Improving Transfer Outcomes: New Insights to Guide Institutional Partnerships and State Policy
Title: New Measures of Postsecondary Education Transfer Performance: Transfer-Out Rates for Community Colleges, Transfer Student Graduation Rates at Four-Year Colleges, and the Institutional Dyads Contributing to Transfer Student Success
Authors: Nathan Sotherland, Kevin Stange, and Jordan Matsudaira
Source: U.S. Department of Education
New analysis of federal data by the U.S. Department of Education highlights the critical role that community colleges play in providing a pathway to bachelor’s degree attainment, while also revealing significant variation across states and institutions. With over 80 percent of community college students aiming to eventually transfer and complete a four-year degree but only 16 percent achieving this goal within six years, there is substantial room for improvement.
Using a dataset tracking over 600,000 students who first enrolled in community colleges in 2014 over an eight-year period, the analysis finds a bachelor’s completion rate of just 13 percent for this cohort. However, statewide rates range from four percent to as high as 18 percent, underscoring the impact of state policies on college completion.
Breaking down the data further, two key metrics emerge: 1) the community college transfer-out rate, reflecting the share of students who transfer to a four-year institution, and 2) transfers’ bachelor’s completion rate, or the share of transfer students from a given state who graduate within eight years.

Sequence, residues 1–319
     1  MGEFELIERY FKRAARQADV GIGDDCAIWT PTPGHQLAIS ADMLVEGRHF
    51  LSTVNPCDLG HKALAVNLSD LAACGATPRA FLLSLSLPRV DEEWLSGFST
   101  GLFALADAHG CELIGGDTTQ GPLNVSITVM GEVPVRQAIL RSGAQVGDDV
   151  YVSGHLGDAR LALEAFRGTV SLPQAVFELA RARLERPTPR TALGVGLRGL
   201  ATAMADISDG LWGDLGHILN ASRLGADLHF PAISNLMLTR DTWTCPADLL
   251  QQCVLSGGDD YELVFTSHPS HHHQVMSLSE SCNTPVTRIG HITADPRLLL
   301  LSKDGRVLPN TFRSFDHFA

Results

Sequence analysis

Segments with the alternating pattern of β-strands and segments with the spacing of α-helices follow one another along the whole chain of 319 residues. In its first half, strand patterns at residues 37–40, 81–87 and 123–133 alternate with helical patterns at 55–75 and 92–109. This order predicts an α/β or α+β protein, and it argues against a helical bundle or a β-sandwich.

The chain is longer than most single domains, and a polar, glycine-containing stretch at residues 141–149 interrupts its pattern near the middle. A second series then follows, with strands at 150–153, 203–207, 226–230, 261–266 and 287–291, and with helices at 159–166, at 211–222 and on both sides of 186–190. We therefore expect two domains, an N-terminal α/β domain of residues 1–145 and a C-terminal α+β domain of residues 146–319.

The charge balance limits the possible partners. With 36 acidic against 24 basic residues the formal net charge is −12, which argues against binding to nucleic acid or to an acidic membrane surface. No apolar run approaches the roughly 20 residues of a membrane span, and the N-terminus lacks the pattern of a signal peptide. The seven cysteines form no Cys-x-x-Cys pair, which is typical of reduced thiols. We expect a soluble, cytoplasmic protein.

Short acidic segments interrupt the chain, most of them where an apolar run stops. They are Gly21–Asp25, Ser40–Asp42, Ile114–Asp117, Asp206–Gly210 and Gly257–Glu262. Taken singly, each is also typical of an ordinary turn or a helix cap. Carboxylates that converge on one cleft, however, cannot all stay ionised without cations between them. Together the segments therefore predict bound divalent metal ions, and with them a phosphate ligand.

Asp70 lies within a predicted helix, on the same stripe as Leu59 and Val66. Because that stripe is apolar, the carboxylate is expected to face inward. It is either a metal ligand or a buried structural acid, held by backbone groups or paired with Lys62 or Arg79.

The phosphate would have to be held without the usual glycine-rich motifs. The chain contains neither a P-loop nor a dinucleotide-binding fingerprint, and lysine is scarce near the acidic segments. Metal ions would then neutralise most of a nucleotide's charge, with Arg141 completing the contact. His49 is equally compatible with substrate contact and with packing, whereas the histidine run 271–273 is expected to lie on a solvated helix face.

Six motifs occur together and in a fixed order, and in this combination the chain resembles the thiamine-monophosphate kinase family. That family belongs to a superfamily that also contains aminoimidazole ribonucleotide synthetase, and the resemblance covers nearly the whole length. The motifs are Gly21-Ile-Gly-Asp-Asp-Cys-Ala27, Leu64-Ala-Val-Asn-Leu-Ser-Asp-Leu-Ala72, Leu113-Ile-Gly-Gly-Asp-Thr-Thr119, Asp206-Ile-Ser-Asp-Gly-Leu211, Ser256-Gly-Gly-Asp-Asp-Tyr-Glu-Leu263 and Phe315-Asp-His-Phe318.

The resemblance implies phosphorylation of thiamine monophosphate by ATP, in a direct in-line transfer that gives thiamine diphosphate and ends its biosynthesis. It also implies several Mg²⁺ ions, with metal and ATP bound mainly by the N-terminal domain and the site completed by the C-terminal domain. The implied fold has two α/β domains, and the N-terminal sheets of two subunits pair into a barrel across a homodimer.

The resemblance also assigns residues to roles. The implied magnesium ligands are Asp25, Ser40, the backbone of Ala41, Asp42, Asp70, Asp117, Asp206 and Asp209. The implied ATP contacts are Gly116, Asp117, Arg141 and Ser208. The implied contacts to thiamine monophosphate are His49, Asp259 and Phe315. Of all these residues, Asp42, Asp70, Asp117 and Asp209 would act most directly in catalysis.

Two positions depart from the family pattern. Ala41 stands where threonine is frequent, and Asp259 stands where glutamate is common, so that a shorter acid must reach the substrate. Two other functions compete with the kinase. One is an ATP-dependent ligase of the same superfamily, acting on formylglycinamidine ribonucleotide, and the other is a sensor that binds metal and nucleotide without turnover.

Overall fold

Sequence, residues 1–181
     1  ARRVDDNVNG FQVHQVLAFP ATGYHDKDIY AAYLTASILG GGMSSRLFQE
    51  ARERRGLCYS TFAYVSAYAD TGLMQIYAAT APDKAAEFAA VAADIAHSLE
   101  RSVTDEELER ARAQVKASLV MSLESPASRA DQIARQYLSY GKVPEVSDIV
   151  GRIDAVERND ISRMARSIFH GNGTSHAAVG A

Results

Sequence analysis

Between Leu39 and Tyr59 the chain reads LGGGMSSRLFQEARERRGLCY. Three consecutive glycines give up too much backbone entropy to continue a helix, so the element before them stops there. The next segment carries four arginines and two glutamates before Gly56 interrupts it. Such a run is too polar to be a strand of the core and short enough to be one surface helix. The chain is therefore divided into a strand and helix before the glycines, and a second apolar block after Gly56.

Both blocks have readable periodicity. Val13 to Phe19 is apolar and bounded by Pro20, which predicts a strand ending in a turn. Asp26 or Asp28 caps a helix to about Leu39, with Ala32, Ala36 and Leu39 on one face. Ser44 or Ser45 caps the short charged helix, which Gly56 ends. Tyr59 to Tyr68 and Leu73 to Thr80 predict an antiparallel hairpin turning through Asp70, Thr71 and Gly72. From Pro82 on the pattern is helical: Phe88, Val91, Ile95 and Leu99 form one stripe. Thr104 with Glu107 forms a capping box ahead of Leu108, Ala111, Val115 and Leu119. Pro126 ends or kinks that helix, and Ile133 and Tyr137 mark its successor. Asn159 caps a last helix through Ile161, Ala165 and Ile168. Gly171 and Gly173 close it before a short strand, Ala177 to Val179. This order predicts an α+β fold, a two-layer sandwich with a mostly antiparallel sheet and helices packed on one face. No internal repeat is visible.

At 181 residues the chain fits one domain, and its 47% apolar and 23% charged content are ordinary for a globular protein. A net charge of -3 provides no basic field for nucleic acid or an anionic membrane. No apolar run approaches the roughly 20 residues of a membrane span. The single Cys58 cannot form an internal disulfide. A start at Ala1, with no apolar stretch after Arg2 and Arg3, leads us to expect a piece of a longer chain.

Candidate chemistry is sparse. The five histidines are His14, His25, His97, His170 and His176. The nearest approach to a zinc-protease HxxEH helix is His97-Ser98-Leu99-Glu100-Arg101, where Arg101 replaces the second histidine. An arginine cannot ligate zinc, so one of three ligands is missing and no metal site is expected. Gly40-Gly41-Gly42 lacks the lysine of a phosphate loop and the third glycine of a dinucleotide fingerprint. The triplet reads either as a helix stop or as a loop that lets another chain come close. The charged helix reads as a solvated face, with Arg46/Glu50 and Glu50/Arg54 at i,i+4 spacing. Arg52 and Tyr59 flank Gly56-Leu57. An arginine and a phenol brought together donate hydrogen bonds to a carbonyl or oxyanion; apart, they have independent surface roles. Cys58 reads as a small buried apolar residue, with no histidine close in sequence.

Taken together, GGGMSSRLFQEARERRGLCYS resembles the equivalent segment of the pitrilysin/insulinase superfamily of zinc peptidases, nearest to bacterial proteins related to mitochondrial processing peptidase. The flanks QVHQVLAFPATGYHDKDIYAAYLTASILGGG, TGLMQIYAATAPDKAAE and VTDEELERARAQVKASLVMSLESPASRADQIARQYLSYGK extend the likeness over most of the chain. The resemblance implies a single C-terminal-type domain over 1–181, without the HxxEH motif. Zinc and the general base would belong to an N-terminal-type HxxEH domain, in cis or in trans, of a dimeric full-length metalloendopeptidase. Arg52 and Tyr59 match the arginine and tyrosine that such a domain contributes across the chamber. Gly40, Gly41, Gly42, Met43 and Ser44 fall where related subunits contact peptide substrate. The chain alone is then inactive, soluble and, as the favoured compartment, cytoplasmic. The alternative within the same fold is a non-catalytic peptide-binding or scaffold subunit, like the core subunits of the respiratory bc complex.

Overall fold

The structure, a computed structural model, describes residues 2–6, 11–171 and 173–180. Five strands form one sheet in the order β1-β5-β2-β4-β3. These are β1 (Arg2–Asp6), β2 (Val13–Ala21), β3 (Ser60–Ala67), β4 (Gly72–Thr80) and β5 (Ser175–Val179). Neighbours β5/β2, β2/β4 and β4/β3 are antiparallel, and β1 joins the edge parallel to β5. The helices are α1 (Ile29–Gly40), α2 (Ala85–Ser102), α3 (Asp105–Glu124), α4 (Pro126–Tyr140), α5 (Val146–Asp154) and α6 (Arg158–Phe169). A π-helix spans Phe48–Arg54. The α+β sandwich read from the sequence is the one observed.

There is considerable variation across individual institutions on both metrics, even among top performers in each state. For instance, at top community colleges the transfer-out rates range from 19 percent to 71 percent; at top four-year institutions, transfers’ completion rates range from 30 percent to 89 percent. This indicates significant room for improvement among institutions at the lower ends of these ranges.
Critically, the analysis also reveals the pivotal role of partnerships between community colleges and four-year institutions. By examining institution “dyads”—pairs of institutions with significant overlap in the students they attract—the data shows that states with higher overall performance also tend to have higher performing dyads. Top dyads demonstrate bachelor’s completion rates for students transferring between the two institutions ranging from one percent to 20 percent, with eight percent as the average.
The authors suggest that improving transfer outcomes requires a two-pronged approach: 1) implementing effective statewide transfer policies, and 2) fostering high-performing institutional partnerships, or dyads. The analysis provides transfer metrics at the state, institution, and dyad levels to inform reform efforts. Further research into the policies and practices underlying the success of top dyads could provide a blueprint for strengthening partnerships and transfer outcomes nationwide. With equitable degree attainment growing increasingly important since the Supreme Court ended race-conscious admissions, ensuring smooth transfer pathways is imperative.
Click here to read the full analysis.
—C. Emmanuel Wright
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